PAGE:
The religious world today does an injustice to God’s plan of salvation. With their “Faith Only” doctrine many are being deceived into believing that they have received the blood of Jesus Christ for the remission of their sins, when in actuality they have only completed half of Jesus’ instructions regarding salvation. He told his disciples, before he ascended to the father, “Go into all the world and preach the gospel to every creature. “He who believes and is baptized will be saved; but he who does not believe will be condemned” (Mark 16:15-16). Many of these religious leaders couple “faith only” doctrine with “once saved always saved” doctrine, or “the impossibility of apostasy.”
This teaching negates any need for someone to conform their life to Christ’s. They just “get saved,” and then go on their way doing as they please, paying no attention to the commands of God. Why wouldn’t they? According to their church it is impossible for them to be lost, so they might as well do as they please. They claim to be “created in Christ Jesus for good works,” but then they do not do the work they have been created in Christ Jesus to do.
Proponents of such false doctrines will accuse those who believe that baptism is necessary for salvation, and who believe one can, in fact, fall away once they have been saved, as believing in “works salvation.” They think we teach that one must work to earn their salvation. These men often appeal to passages like Eph 2:8-9 to make their point. Paul says here, “by grace you have been saved through faith, and that not of yourselves: it is the gift of God, not of works, lest anyone should boast.”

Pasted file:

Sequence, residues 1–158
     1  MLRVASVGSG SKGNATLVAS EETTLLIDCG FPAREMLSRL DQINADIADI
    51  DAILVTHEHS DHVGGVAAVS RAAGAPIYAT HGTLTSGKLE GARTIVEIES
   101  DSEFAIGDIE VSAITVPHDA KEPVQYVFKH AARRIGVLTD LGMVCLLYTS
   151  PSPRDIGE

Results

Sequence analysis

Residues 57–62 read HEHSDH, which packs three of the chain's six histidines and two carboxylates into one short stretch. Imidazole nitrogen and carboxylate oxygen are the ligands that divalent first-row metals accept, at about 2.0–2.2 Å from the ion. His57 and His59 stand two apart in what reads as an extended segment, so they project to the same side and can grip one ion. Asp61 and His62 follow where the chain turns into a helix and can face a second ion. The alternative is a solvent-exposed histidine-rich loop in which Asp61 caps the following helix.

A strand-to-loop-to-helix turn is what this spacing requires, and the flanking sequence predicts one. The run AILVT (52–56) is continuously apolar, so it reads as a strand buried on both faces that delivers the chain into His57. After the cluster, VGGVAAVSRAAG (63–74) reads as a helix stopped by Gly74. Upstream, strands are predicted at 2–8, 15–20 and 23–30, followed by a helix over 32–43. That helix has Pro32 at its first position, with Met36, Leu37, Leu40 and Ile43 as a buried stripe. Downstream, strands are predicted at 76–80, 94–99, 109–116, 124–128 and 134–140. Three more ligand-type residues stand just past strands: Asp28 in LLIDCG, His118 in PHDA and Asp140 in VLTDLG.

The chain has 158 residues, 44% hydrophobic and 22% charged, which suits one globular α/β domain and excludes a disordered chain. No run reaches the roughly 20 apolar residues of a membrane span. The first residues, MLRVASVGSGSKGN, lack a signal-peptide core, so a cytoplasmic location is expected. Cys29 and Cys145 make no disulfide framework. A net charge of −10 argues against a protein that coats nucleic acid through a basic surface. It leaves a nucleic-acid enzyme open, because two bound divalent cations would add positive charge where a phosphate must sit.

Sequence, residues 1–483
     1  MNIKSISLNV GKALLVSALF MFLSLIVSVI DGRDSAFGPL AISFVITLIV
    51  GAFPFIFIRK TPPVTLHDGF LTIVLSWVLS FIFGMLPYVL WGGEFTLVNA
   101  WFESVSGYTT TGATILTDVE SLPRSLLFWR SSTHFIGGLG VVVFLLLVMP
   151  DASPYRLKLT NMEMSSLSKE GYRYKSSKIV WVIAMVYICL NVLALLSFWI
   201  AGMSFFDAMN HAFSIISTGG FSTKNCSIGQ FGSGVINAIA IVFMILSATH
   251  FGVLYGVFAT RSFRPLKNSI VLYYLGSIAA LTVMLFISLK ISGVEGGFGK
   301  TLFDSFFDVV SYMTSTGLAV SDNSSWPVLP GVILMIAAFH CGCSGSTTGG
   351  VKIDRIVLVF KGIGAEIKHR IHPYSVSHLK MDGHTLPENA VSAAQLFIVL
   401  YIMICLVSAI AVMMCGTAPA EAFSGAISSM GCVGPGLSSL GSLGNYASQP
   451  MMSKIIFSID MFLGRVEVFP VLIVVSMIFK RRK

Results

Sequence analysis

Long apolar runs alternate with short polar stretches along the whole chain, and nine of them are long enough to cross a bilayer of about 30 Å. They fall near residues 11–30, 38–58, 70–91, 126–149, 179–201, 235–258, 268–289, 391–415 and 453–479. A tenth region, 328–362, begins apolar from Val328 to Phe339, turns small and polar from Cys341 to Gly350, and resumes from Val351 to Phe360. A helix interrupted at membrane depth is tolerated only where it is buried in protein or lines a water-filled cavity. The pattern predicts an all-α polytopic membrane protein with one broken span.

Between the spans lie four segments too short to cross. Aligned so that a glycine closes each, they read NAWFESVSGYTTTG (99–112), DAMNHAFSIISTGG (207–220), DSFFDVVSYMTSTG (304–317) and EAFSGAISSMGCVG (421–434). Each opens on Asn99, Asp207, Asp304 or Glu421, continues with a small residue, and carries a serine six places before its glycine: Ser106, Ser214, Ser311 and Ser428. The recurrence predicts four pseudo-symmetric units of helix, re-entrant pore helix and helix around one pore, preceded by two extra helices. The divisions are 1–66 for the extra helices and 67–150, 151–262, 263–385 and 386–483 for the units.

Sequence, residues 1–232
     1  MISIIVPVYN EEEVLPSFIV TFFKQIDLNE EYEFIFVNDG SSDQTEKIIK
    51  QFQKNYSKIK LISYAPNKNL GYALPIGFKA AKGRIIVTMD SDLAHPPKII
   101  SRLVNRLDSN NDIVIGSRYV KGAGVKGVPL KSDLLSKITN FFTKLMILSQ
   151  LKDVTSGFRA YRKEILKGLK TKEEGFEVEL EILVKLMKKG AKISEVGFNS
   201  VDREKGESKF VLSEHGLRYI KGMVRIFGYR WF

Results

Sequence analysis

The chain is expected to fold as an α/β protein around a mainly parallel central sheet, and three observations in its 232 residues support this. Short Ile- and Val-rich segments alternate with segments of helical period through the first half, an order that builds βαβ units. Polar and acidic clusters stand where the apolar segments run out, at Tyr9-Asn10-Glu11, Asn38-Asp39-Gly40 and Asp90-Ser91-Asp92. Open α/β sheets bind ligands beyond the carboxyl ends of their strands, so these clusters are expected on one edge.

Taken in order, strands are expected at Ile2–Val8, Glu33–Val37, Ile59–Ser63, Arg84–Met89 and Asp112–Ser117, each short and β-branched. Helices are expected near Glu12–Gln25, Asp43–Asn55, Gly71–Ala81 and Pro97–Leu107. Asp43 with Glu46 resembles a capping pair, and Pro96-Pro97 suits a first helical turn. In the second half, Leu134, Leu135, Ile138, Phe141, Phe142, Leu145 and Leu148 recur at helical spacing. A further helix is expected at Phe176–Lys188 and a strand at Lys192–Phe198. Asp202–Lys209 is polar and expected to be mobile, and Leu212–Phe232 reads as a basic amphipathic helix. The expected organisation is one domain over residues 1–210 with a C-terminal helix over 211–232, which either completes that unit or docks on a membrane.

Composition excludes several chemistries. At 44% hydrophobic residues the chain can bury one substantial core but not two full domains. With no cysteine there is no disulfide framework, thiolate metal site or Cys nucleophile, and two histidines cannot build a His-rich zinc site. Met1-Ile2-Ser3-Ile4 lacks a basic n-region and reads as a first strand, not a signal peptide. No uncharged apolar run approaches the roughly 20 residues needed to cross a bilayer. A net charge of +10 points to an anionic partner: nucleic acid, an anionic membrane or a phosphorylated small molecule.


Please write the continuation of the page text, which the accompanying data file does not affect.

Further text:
As our religious friends teach, we are saved by grace. When they quote Eph 2:8-9 I agree 100% with what they say; however, being saved by God’s grace does not mean there is no work for us to do. You might be thinking, “If being saved requires work, what’s grace got to do with it?” The answer seems rather simple to me. We just have to find the balance between grace and works. As Paul says, we are saved by grace. Therefore, there is absolutely no way for us to earn our salvation by works. When Paul speaks of not being saved by works, he is refering to works of the jewish law. Perfect law keeping, or salvation by works, would make God's grace unnecessary. Sin separates us from God. If one kept the law perfectly, they would still be in a good relationship with God, and wouldn't need his grace to forgive their sins (they are sinless). In fact, if one recognizes the need to be baptized for the remission of their sins, they are, by this realization admitting the fact that they cannot be saved by works. If they could be saved by their works, they wouldn't need to be baptized for the forgiveness of sins, because they would have no sins to forgive. Do you see the problem with arguing that baptism is "salvation through works." Baptism is simply a work of obedience, by which we receive God's grace. Works of obedience are merely the actions through which we carry out God’s commands, not the direct means by which we are saved.
Let me explain: Some one decides that they want to give you a new car. When they hand you the keys they say “all you have to do to have this car is get in and turn the key in the ignition,” which you happily do. Then you quickly drive off before they change their mind.